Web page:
Conceptual Physics--Chapter 7: Energy
Conceptual Physics 10th e. by Paul G. Hewitt Summary of Terms, Summary of Formulas, and Terms Within the Textbook
Terms in this set (27)
The product of the force and the distance moved by the force:
W = Fd
(More generally, work is the component of force in the direction of motion times the distance moved.)
The time rate of work:
Power = work/time
(More generally, power is the rate at which energy is expended.) Power = work done/time interval
The property of a system that enables it to do work.
Energy due to the position of something or the movement of something.
Potential energy (PE)
The energy that something possesses because of its position.
Kinetic energy (KE)
Energy of motion, quantified by the relationship:
Kinetic energy = ½ mv²
The work done on an object equals the change in kinetic energy of the object.
Work = ∆KE
(Work can also transfer other forms of energy to a system.)
Conservation of energy
Energy cannot be created or destroyed; it may be transformed from one form into another, but the total amount of energy never changes.
A device, such as a lever or pulley, that increases (or decreases) a force or simply changes the direction of a force.
Conservation of energy for machines
The work output of any machine cannot exceed the work input. In an ideal machine, where no energy is transformed into thermal energy,
work input =work output
(Fd) input = (Fd) output
Simple machine consisting of a rigid rod pivoted at a fixed point called the fulcrum.
The percentage of the work put into a machine that is converted into useful work output.
(More generally, useful energy output divided by total energy input.)
, in common usage, means physical or mental exertion. Don't confuse the physics definition of work with the everyday notion of work.
"How long" means time, but also it can mean...
Two things enter the picture whenever work is done:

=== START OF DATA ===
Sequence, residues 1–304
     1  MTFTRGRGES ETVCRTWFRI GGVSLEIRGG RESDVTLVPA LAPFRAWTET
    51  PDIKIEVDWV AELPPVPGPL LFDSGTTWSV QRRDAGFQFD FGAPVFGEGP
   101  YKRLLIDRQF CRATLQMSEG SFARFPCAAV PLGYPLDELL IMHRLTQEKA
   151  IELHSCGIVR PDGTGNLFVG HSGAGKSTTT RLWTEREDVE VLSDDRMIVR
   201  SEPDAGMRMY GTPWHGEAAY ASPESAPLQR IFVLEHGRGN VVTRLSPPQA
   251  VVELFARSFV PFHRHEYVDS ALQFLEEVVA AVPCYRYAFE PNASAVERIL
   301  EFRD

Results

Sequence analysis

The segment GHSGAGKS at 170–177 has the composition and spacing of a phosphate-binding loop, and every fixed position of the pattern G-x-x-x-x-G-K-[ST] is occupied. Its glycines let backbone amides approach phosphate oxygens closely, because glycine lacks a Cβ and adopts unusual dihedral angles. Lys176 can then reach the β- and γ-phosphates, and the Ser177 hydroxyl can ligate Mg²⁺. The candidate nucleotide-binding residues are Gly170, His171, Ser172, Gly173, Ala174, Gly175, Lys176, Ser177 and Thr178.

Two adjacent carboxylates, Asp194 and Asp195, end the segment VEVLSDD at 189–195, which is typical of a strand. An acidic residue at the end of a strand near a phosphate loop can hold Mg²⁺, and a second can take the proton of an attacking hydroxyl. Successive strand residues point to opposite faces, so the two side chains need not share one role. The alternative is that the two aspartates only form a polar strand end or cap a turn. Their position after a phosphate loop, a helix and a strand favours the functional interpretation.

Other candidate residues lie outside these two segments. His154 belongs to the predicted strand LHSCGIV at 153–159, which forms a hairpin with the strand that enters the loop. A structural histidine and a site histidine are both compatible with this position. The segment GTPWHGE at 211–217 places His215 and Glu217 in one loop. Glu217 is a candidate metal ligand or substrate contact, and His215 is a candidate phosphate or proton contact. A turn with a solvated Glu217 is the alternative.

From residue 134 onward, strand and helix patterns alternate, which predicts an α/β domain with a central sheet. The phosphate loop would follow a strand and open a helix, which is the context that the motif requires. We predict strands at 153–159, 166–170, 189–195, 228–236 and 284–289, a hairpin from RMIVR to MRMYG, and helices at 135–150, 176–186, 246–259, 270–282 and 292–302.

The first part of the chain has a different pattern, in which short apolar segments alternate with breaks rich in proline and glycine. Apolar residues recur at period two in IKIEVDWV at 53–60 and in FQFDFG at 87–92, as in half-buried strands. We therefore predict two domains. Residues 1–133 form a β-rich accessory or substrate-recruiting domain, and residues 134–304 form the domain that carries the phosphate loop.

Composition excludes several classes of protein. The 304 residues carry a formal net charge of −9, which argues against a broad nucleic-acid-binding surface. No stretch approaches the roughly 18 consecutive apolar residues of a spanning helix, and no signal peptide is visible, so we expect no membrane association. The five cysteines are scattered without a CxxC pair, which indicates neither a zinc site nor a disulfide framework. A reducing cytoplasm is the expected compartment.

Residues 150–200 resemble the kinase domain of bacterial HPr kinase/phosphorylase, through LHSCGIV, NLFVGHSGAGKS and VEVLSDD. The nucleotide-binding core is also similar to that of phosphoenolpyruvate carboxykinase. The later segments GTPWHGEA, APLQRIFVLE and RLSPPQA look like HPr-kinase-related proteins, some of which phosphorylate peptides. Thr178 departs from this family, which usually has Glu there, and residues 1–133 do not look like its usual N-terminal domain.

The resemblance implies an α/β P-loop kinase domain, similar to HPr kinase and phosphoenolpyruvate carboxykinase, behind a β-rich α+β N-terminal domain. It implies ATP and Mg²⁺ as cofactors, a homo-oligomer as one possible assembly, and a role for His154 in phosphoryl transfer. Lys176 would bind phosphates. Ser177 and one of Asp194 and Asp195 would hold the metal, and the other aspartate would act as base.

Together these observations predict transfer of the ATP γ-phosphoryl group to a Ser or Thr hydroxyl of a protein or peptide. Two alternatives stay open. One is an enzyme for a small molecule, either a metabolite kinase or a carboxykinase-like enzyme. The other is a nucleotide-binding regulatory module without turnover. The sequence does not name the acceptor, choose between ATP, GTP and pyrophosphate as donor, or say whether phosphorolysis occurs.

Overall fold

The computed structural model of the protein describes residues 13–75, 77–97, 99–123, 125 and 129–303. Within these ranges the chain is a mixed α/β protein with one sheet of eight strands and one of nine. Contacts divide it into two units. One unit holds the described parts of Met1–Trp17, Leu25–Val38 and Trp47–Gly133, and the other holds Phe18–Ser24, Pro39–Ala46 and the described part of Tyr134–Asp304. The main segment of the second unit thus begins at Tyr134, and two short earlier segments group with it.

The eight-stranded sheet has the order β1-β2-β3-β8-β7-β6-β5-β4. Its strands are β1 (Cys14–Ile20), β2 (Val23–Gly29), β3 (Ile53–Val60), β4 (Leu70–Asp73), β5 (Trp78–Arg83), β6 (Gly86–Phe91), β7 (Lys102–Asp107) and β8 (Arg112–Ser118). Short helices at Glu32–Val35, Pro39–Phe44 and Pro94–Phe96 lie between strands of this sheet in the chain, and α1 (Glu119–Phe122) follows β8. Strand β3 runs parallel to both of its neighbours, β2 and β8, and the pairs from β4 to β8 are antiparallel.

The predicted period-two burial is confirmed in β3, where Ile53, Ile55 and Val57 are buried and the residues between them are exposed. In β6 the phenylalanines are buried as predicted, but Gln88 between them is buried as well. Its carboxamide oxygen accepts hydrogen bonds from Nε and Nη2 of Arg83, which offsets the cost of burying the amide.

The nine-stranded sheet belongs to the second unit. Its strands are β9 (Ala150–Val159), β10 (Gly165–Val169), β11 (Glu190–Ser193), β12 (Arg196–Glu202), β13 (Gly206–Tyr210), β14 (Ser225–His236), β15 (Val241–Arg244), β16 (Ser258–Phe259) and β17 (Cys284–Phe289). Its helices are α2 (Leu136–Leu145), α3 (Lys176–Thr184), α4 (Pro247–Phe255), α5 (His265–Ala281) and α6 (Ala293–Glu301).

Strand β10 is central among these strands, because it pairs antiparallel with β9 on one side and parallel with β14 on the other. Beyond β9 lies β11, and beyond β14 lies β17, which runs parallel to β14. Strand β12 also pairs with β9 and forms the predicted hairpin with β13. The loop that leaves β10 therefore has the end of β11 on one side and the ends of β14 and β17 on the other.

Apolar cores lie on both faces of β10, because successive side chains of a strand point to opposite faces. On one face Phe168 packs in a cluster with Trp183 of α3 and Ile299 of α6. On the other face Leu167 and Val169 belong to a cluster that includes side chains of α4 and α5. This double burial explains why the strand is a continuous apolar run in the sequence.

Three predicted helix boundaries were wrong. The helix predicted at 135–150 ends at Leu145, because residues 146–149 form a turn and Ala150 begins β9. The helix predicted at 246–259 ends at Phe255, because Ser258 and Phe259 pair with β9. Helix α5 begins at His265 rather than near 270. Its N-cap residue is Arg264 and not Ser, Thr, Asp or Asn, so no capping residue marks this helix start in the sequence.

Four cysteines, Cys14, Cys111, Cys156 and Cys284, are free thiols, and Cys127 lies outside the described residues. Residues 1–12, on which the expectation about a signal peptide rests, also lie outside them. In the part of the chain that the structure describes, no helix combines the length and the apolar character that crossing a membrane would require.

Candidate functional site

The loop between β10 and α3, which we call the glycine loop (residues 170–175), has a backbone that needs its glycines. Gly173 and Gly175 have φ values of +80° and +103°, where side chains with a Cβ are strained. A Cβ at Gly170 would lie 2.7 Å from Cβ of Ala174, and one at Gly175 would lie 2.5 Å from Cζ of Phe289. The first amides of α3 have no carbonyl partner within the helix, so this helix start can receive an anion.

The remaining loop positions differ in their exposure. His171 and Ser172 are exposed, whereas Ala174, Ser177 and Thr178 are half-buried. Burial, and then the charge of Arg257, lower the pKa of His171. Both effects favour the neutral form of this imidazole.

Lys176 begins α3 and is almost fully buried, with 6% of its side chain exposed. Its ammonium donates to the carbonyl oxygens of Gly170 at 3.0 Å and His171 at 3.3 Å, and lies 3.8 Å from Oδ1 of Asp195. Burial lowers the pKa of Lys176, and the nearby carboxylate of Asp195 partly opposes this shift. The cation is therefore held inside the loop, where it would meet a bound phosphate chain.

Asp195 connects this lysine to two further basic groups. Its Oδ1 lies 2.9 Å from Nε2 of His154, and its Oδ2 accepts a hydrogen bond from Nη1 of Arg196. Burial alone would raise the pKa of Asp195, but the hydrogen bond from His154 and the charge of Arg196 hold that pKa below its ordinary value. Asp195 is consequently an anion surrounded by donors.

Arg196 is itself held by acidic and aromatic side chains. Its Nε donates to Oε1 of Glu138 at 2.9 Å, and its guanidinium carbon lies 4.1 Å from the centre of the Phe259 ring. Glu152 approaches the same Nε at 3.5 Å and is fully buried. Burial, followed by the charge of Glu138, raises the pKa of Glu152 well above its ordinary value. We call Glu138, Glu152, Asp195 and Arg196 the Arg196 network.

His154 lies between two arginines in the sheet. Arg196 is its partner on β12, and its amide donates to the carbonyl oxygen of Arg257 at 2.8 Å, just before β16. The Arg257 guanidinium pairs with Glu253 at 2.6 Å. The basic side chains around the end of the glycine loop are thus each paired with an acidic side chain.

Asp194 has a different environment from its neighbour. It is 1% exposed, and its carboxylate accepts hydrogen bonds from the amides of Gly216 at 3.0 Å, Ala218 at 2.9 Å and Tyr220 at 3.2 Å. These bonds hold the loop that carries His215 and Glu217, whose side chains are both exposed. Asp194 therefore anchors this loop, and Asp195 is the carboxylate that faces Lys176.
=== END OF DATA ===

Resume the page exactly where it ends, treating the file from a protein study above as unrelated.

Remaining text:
1. application of a force
2. the movement of something by that force.
SI unit of work and of all other forms of energy. One joule of work is done when a force of 1 newton is exerted on an objected moved 1 meter in the direction of the force (N⋅m).
SI unit of power. One watt is expended when one joule of work is done in one second. 1W = 1J/s
gravitational potential energy:
Energy that a body possesses because of its position in a gravitational field. On Earth, potential energy (PE) equals mass (m) times the acceleration due to gravity (g) times height (h) from a reference level such as the Earth's surface.
PE = mgh
*kinetic energy of an object*...
...depends on the mass of the object as well as its speed. It is equal to the mass multiplied by the square of the speed, multiplied by the constant ½.
*Work = ∆KE*
This can be derived as follows:
If we multiply both sides of
F = ma
(Newton's 2nd law) by
, we get
Fd = mad
. Recall from Chapter 3 that, for constant acceleration,
d = ½ at²
, so we can say
Fd = ma(½ at²) = ½ maat² = ½ m(at)²
; and substituting
∆v = at
, we get
Fd = ∆½mv²
. That is,
Work = ∆KE
, *Work = ∆KE*.
Work is not a form of energy, but a way of transferring energy from one place to another or one form to another.*⁴*
Work = ∆E + Q
Q* is the energy transfer due to a temperature difference.
Nuclear fusion brought about by extremely high temperatures; in other words, welding together of atomic nuclei by high temperature.
Pivot point of a lever.
*Efficiency can be expressed by the ratio*:
Efficiency = useful energy output/total energy input
Two properties of motion:
Kinetic energy and momentum.
Differences in kinetic energy and momentum:
Momentum, like velocity, is a vector quantity.
Energy, on the other hand, like mass, is a scalar quantity.
Another difference is the velocity dependence of the two. Whereas momentum is proportional to velocity (mv), kinetic energy is proportional to the square of velocity (½mv²).
OTHER SETS BY THIS CREATOR
Abbreviations on Medical Terminology Final
Chapter 16 and 17 Abbreviations
Signs/Symptoms/Abnormal Conditions/Skin Neoplasms/Laboratory Tests and Clinical Procedures
THIS SET IS OFTEN IN FOLDERS WITH...
Conceptual Physics--Chapter 6: Momentum
Conceptual Physics--Chapter 8: Rotational Motion
Conceptual Physics--Chapter 9: Gravity
Conceptual Physics--Chapter 10: Projectile and Satellite Motion